While some of the proposed revisions will mostly impact large gas distributors, the changes will broadly affect all state gas distributors, including Xcel Energy Inc. subsidiary Public Service Co. of Colorado, Black Hills Colorado Gas Inc., Summit Utilities Inc. subsidiary Colorado Natural Gas Inc. and Atmos Energy Corp.

Implementing clean heat, energy efficiency laws

Many of the proposed rules seek to incorporate two recently passed pieces of climate legislation into the state statute. Those laws seek to align gas utility operations with the state's target of reducing greenhouse gas emissions by 90% from 2005 levels by 2050.

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Colorado Senate Bill 21-264 aimed to reduce greenhouse gas emissions from distribution systems, homes and industrial facilities by improving energy efficiency, encouraging building electrification and facilitating the use of low-carbon gases. It established a Clean Heat Standard that requires gas utilities to cut emissions 4% by 2025 and 22% by 2030 against a 2015 baseline, with future reductions to be determined.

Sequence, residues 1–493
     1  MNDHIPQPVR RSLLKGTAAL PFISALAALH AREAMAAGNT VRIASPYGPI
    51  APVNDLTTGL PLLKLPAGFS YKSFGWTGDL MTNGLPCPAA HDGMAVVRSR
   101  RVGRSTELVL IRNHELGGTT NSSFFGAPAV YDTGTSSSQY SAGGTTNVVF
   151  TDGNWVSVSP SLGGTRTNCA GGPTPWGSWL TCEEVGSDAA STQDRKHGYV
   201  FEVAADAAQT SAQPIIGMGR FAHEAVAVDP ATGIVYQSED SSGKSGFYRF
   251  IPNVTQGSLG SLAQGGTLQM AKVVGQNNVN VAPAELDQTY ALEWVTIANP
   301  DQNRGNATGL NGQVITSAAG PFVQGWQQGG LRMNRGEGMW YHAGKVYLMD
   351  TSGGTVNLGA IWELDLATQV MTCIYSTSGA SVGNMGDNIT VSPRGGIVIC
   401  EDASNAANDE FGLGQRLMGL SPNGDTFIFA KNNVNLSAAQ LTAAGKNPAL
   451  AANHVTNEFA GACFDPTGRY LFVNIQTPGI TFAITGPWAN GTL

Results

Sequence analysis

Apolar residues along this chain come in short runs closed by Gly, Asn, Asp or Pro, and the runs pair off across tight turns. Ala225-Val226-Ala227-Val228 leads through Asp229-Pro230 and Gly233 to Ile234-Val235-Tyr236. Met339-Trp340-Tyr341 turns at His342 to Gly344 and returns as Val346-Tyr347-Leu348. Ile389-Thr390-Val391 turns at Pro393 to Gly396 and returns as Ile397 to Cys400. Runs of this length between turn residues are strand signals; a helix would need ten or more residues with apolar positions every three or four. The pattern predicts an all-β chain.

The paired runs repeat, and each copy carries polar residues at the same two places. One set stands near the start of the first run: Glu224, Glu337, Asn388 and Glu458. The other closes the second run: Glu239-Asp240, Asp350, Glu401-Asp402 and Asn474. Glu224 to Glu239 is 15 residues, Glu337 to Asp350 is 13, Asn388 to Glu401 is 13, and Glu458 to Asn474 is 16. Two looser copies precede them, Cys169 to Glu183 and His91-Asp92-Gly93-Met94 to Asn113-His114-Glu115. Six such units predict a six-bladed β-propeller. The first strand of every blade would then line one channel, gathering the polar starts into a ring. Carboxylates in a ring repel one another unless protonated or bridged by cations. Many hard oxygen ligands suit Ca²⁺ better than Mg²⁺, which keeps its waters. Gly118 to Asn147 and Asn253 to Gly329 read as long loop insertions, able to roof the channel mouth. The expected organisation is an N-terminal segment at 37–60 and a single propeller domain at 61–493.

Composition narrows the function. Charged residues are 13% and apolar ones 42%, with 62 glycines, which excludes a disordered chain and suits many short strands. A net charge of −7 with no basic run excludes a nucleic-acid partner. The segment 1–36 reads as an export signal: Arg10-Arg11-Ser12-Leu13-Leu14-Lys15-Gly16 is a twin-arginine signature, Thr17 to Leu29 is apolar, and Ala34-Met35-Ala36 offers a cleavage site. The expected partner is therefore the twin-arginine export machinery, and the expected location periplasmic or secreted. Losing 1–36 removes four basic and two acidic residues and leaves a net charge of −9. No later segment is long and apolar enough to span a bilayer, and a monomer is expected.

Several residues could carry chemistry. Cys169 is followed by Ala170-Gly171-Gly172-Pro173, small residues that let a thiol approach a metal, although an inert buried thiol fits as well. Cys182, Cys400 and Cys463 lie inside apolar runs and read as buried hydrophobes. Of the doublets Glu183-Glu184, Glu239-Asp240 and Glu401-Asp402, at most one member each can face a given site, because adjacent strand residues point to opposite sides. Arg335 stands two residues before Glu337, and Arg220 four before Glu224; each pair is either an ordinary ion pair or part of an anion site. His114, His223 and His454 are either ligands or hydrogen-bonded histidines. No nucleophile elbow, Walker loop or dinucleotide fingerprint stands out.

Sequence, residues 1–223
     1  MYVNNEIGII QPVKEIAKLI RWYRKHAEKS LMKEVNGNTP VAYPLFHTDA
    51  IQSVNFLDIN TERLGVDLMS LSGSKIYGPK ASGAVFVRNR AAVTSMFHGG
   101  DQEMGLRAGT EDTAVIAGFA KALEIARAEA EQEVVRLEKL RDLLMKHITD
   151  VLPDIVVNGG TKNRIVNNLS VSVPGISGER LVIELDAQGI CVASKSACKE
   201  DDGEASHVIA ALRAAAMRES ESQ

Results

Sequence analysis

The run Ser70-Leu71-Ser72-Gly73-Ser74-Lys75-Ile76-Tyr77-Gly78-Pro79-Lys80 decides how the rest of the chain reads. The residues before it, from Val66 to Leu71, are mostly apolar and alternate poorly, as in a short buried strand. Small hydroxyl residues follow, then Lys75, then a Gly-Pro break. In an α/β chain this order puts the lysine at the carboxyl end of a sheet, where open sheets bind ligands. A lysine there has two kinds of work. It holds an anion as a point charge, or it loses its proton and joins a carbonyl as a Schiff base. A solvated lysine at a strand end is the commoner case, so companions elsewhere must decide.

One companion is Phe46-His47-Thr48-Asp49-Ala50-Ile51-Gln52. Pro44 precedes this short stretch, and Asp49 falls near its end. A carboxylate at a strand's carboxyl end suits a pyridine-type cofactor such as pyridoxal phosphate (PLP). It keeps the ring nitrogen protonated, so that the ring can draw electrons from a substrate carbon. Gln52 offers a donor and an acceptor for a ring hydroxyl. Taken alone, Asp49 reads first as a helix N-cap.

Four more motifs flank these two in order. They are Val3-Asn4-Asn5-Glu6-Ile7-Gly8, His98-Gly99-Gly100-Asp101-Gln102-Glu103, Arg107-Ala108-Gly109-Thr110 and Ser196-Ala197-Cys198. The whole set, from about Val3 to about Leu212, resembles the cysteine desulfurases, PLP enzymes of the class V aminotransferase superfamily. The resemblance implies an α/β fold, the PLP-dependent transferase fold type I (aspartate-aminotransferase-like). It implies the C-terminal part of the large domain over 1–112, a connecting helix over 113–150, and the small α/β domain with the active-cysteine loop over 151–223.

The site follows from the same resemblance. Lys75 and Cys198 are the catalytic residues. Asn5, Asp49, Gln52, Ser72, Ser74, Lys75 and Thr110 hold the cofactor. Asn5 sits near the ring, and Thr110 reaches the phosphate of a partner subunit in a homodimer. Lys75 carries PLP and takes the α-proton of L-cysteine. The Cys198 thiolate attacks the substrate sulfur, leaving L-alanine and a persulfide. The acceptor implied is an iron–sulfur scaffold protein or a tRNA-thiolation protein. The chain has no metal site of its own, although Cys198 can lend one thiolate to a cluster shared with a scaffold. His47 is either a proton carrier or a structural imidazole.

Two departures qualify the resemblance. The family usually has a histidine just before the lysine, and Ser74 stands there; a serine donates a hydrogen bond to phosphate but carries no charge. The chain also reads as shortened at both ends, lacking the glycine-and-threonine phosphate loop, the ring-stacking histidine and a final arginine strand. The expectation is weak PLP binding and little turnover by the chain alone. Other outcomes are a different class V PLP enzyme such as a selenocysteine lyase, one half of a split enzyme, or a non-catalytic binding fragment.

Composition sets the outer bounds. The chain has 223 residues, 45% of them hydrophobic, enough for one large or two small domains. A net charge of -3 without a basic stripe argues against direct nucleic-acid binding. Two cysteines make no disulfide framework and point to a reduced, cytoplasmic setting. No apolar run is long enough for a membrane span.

Gas utilities will have to file Clean Heat Plans to demonstrate how they will achieve the reductions. Those plans must demonstrate how utilities intend to use clean heat resources identified in the legislation. Those resources include green hydrogen, electrification, renewable natural gas and other recovered methane, pyrolysis of tires that meets methane protocols, and other technologies that the commission determines are cost-effective and reduce emissions.

Colorado lawmakers also voted in the 2021 session to require electric utilities to operate programs that incentivize gas customers to switch to electric heating.

The proposed new regulations also incorporated companion legislation, House Bill 21-1238, which updated standards for demand-side management, or DSM, the final clean heat resource identified in SB 21-264. HB 21-1238 required gas utilities to consider the social cost of carbon dioxide and methane when determining the cost-effectiveness of DSM programs, which seek to reduce customer gas usage. It established a social cost at $68 per short ton for CO2 and at least $1,756 per short ton for methane.